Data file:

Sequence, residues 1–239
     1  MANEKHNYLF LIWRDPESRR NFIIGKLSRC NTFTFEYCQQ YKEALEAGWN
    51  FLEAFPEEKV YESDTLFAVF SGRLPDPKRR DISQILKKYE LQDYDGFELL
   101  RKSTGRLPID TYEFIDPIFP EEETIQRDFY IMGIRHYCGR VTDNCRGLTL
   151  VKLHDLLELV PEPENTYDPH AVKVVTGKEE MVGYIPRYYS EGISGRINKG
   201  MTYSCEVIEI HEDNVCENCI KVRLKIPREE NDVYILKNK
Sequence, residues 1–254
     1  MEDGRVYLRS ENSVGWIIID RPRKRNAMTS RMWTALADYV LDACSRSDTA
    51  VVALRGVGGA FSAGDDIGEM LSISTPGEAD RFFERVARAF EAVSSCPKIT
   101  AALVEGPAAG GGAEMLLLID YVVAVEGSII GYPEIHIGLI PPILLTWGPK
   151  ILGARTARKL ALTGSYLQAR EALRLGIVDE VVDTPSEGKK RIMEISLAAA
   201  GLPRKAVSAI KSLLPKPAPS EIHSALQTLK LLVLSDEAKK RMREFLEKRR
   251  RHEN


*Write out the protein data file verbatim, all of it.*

Sequence, residues 1–239
     1  MANEKHNYLF LIWRDPESRR NFIIGKLSRC NTFTFEYCQQ YKEALEAGWN
    51  FLEAFPEEKV YESDTLFAVF SGRLPDPKRR DISQILKKYE LQDYDGFELL
   101  RKSTGRLPID TYEFIDPIFP EEETIQRDFY IMGIRHYCGR VTDNCRGLTL
   151  VKLHDLLELV PEPENTYDPH AVKVVTGKEE MVGYIPRYYS EGISGRINKG
   201  MTYSCEVIEI HEDNVCENCI KVRLKIPREE NDVYILKNK
Sequence, residues 1–254
     1  MEDGRVYLRS ENSVGWIIID RPRKRNAMTS RMWTALADYV LDACSRSDTA
    51  VVALRGVGGA FSAGDDIGEM LSISTPGEAD RFFERVARAF EAVSSCPKIT
   101  AALVEGPAAG GGAEMLLLID YVVAVEGSII GYPEIHIGLI PPILLTWGPK
   151  ILGARTARKL ALTGSYLQAR EALRLGIVDE VVDTPSEGKK RIMEISLAAA
   201  GLPRKAVSAI KSLLPKPAPS EIHSALQTLK LLVLSDEAKK RMREFLEKRR
   251  RHEN